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4 Ways Aquatic Therapy Can Help Ease Pain

Have you wanted to become more active, but aren’t able to exercise well due to aches and pains? Gravity takes a toll on our joints during land-based activities and can hinder our ability to perform everyday tasks, such as navigating stairs and walking. If this sounds familiar to you, it may be time to test the waters of aquatic therapy.  

Aquatic therapy is a treatment technique where specific exercises are performed at various depths of water for physical rehabilitation, relaxation, and recovery. It offers a safe environment for you to focus on regaining strength, balance, and range of motion. Treatment sessions can include decompression, gait training, sport specific training, and functional therapeutic exercise in chest/waist deep waters. Spine, arm, and leg injuries can be assisted with aquatic therapy as well.

So, How Will Aquatic Therapy Help You?

The four main principles that allow aquatic therapy to help ease pain during activity are:

  •   Hydrostatic pressure
  •   Buoyancy
  •   Thermal stability
  •   Resistance

Hydrostatic Pressure

Have you ever noticed the slight pressure from water that acts against your body when you enter into a pool? If you have, then you have experienced hydrostatic pressure. This inward pressure from water provides stability to our joints and reduces swelling in our arms and legs, similar to how a compression sleeve may provide a sense of stability and decrease swelling in a knee or ankle (1). When our bodies have a greater sense of stability and decreased swelling, we are able to function at a higher level.


Similar to hydrostatic pressure, buoyancy is a property of water that can make exercise easier in the pool. Buoyancy is responsible for the feeling of weightlessness that can be experienced as you enter deeper into a pool.The upward lift of water decreases the effects of gravity, thereby causing less tension, compression, and stress on our muscles and joints (1). A person standing in waist-deep water will experience a 50% reduction of gravity, while a person who is immersed to their neck in water will experience a 90% decrease in weight (3). The less weight that is placing pressure on injured tissues, the less pain a person may feel during activity.

Thermal Stability

Most public pools are kept between 77-85 degrees F, but did you know that a pool kept between 92-94 degrees F can help soothe muscle spasms and improve blood flow? This principle called thermal stability provides the ideal water range to allow tissue healing (without overheating) and improve functional activity levels in an aquatic therapy setting (1). When our muscles are kept loose and warm, it allows for easier movement from the body and better flow of oxygenated blood to reach our muscles during exercise.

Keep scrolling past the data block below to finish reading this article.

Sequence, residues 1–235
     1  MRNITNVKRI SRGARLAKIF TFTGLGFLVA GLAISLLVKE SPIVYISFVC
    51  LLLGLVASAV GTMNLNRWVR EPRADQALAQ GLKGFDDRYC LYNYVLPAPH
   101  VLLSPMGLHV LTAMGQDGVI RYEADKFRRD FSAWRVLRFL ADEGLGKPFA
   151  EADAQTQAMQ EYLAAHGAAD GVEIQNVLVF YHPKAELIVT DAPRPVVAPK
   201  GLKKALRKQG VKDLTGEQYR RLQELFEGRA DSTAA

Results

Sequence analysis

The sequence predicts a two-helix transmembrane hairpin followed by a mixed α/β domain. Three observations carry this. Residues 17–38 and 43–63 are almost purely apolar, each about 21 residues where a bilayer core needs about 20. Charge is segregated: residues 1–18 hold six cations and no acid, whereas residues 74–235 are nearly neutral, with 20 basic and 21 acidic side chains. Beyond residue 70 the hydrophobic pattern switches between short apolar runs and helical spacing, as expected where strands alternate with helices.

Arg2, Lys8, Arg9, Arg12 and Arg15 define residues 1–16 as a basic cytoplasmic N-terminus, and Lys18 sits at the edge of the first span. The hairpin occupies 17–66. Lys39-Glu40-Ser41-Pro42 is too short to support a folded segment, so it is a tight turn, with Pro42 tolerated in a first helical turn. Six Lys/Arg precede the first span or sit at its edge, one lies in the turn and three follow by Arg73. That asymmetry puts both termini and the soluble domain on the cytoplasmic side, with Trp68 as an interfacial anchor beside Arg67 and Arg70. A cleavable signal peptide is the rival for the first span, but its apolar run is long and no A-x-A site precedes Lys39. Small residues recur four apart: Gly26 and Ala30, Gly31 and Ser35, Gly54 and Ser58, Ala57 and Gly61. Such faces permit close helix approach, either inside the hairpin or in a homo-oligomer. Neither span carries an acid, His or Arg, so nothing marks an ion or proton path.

Instead of dumbbells and kettlebells, another way to strengthen is by using water’s resistance. This is because water is 600-700x more resistant than air alone (2). Now, you may ask, how does water’s resistance help ease pain during activity on land? This is because as we become stronger with aquatic exercises, it will have carry-over to our land activities. For example, practicing standing marches in a pool may help strengthen a person’s legs and core muscles enough to begin performing standing marches on land with improved function and less pain.

Overall, aquatic therapy can be a great stepping stone to regain strength on land. If you think aquatic therapy may be for you, talk to your doctor or contact a physical therapist trained in aquatic therapy. Buffalo Rehab Group offers aquatic therapy at our Amherst and Williamsville offices. You can also find aquatic exercise classes offered at town recreational programs throughout WNY and at gyms such as the YMCA Buffalo Niagara and LA Fitness.

If you are interested in aquatic therapy, Buffalo Rehab Group is offering free 20 minute consultations to use aquatic therapy to get your strength back! Click the button below to get scheduled at either of our pool locations (Williamsville or Amherst).  

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Becker, Bruce. Aquatic Therapy: Scientific Foundations and Clinical Rehabilitation Applications. American Academy of Physical Medicine and Rehabilitation. 2009; 1: 859-872

Hludzinski, Krista. “The Benefits of Aquatic Therapy.” Helen Hayes Hospital. 17 Dec 2013. 2 Nov 2014.

Killian, Sarah. “Benefits of Aquatic Therapy in Rehabilitation.” HSS on the Move. 24 Aug 2012. 2 Nov 2014. http://hss.edu/onthemove/fitness-friday-benefits-of-aquatic-therapy-in-rehabilitation/#.VFg-fPnF98E



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